Tom Evans and Kate Jones said they were “heartbroken” after the terminally ill youngster died in hospital at 2.30am on Saturday.
They had launched a series of legal challenges to continue treatment for their 23-month-old son, who had a degenerative neurological condition.
The Pope, who gave Alfie and his parents Italian citizenship as they tried to win permission to move him to Rome for treatment, said: “I am deeply moved by the death of little Alfie. Today I pray especially for his parents, as God the Father receives him in his tender embrace.”
Hundreds of people gathered outside Alder Hey Hospital in Liverpool, where the youngster had been treated, on Saturday afternoon to release balloons in his memory.
Others left flowers outside the medical centre, with messages such as: “We fell in love with a little boy we never knew. Alfie will be forever engraved in our heart. Fly high little man”; and “Alfie you stole the heart of the world!”
Many were seen crying as they visited a scene where, on Monday, as passions ran high, police were forced to block dozens of people who tried to storm the hospital building.
Thousands paid tribute on social media, with RIP Alfie Evans trending all morning, but their comments were often highly polarised over the courts’ decisions.
His story also featured heavily in news bulletins and on websites around the world.
On Saturday morning, Kate Evans broke the news on the Alfie’s Army Facebook page, saying: “Our baby boy grew his wings tonight at 2:30 am. We are heart broken. Thankyou everyone for all your support.”
Tom Evans said on the social network at around the same time: “My gladiator lay down his shield and gained his wings at 02:30 absolutely heartbroken. I LOVE YOU MY GUY.”
In February, Mr Justice Hayden ruled that doctors at Alder Hey could stop treating Alfie against the wishes of his parents.
The couple, from Liverpool, wanted to move their son from the city’s Alder Hey Children’s Hospital to Italy where they said doctors were willing to treat the little boy.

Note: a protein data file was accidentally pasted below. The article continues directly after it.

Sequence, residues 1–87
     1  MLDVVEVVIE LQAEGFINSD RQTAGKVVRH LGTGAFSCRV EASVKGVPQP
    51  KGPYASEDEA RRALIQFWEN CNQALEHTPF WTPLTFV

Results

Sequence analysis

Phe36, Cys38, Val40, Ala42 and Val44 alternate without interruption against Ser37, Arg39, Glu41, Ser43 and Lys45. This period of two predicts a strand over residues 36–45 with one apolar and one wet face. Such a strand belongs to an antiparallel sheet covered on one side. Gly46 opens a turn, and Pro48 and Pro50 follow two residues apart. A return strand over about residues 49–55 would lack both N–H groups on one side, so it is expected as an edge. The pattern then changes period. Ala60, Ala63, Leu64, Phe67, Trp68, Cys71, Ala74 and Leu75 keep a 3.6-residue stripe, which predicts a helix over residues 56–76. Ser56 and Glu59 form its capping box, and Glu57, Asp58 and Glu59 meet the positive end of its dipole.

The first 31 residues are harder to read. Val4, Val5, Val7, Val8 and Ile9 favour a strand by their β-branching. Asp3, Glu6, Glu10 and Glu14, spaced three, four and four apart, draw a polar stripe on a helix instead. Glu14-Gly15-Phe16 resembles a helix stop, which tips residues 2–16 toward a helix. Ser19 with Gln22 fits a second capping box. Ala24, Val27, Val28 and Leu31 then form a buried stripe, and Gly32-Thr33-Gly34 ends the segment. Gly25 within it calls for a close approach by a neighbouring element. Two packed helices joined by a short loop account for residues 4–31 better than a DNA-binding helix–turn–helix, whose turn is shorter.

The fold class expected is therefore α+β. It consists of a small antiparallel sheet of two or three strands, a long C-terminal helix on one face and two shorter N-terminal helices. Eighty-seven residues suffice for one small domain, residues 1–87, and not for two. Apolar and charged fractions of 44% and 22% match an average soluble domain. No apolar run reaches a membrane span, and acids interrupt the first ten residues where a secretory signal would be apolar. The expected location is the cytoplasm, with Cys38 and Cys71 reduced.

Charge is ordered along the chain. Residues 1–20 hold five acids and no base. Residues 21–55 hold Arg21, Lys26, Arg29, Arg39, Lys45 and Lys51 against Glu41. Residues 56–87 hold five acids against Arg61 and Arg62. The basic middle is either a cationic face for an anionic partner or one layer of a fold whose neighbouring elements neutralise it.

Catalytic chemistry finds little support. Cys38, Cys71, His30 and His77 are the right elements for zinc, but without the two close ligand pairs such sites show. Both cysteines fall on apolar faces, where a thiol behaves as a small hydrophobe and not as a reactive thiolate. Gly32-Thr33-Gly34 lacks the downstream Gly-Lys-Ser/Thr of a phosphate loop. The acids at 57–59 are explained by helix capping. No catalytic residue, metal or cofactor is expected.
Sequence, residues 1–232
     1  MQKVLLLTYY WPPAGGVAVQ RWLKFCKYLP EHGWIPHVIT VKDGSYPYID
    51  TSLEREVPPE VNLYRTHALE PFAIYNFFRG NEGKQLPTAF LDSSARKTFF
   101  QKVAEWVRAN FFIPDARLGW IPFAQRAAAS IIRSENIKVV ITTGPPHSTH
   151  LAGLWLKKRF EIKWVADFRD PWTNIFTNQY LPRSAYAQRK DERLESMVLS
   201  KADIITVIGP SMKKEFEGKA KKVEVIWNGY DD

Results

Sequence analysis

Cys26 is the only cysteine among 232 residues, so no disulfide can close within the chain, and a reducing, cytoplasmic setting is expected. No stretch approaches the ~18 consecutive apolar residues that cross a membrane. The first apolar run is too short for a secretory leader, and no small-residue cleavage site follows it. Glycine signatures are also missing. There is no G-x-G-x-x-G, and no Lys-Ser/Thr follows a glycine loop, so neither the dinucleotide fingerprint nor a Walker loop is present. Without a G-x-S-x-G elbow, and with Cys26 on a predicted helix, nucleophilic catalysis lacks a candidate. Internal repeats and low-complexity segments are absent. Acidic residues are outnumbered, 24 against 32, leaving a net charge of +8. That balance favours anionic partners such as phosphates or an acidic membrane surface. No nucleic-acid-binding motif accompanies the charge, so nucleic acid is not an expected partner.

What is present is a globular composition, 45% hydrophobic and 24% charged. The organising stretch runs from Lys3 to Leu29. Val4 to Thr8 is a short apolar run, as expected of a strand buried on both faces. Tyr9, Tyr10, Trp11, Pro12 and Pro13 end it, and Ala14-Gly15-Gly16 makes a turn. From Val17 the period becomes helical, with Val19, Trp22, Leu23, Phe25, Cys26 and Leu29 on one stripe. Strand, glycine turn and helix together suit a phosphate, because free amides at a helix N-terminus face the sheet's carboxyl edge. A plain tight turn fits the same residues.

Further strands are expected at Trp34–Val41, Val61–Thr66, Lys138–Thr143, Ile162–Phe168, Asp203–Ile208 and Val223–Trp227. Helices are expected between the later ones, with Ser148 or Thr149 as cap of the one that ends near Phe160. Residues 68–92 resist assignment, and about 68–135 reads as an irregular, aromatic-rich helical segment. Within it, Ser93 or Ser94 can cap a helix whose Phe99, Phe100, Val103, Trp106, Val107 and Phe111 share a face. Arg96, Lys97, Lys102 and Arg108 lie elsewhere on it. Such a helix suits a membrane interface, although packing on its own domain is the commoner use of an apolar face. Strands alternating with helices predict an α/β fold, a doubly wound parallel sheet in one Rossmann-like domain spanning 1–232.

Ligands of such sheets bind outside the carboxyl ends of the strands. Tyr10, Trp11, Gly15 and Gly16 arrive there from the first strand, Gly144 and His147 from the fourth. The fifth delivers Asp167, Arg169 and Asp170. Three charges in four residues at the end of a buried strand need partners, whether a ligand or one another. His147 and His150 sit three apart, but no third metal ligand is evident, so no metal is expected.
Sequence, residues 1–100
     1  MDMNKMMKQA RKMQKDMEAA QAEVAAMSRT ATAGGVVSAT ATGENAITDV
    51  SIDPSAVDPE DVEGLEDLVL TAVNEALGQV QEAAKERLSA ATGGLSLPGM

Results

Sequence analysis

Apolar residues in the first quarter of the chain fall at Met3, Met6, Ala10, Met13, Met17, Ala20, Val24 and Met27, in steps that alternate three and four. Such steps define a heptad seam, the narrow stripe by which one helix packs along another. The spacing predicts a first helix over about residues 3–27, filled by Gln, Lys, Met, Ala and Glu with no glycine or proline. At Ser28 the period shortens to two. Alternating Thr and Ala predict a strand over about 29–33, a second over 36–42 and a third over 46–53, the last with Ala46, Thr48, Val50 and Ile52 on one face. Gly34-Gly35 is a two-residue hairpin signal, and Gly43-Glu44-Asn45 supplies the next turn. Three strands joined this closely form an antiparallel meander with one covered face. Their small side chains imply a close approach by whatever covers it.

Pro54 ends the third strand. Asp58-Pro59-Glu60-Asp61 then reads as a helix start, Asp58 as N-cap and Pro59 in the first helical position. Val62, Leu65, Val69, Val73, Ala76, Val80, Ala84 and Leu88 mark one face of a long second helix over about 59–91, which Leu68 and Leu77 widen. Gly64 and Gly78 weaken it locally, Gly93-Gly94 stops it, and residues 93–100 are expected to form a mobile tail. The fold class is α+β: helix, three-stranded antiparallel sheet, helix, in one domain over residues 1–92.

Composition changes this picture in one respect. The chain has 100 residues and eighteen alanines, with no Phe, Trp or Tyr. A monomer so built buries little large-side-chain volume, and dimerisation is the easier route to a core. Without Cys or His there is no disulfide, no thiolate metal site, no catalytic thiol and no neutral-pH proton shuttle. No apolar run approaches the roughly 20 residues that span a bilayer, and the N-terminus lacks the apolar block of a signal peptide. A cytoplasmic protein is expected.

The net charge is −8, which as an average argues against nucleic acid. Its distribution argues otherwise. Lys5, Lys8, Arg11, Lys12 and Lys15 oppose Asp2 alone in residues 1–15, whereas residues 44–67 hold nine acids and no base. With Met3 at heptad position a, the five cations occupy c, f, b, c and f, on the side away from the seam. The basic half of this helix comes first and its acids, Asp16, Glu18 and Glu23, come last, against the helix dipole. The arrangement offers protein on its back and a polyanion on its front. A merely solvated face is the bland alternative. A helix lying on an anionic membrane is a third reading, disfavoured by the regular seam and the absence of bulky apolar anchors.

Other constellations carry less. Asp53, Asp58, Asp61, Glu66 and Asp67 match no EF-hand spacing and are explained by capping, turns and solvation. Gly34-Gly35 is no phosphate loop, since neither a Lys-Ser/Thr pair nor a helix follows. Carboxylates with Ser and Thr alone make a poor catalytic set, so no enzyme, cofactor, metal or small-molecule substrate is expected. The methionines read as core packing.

The judge said he accepted medical evidence which showed that further treatment was futile.
Court of Appeal judges upheld his decision, while Supreme Court justices and European Court of Human Rights judges refused to intervene.
Alfie’s life-support machine was switched off on Monday night.
On Tuesday morning, Mr Evans said doctors were “gobsmacked” that his son was breathing nine hours after his life support ended and the couple went back to court in a bid to get permission to take him to Rome.
Mr Justice Hayden said the family could instead “explore” the options of removing him from intensive care either to a ward, a hospice or his home.
On Friday, his parents said they would work with doctors to ensure their son had the “dignity and comfort he needs”.
The public nature of the family’s fight with doctors has led to the case being a cause celebre for some groups.
Hospital bosses said they were “shocked” at the “barrage” of abuse received by some members of staff.
Merseyside Police felt it necessary to issue a warning over comments being made about the hospital online.
Archbishop of Liverpool, Malcolm McMahon, referred to the heated arguments taking place in a statement he made on behalf of the Catholic Bishops’ Conference of England and Wales.
He said: “I would like to express my deepest sympathy at this moment of loss to Tom and Kate as we hold little Alfie in our prayers.
“All who have been touched by the story of this little boy’s heroic struggle for life will feel this loss deeply. But as a Christian Alfie has the promises of God, who is love, to welcome him into his heavenly home.
“Although the past few weeks have been difficult with much activity on social media, we must recognise that all who have played a part in Alfie’s life have wanted to act for his good, as they see it.
“Above all, we must thank Tom and Kate for their unstinting love of their son, and the staff at Alder Hey Hospital for their professional care of Alfie.
“Now it is time for us to give Tom and Kate space to grieve their son’s death and offer our prayers for him and consolation for all.”
Alder Hey hospital said in a statement: “We wish to express our heartfelt sympathy and condolences to Alfie’s family at this extremely distressing time.
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“All of us feel deeply for Alfie, Kate, Tom and his whole family and our thoughts are with them.
“This has been a devastating journey for them and we would ask that their privacy and the privacy of staff at Alder Hey is respected.”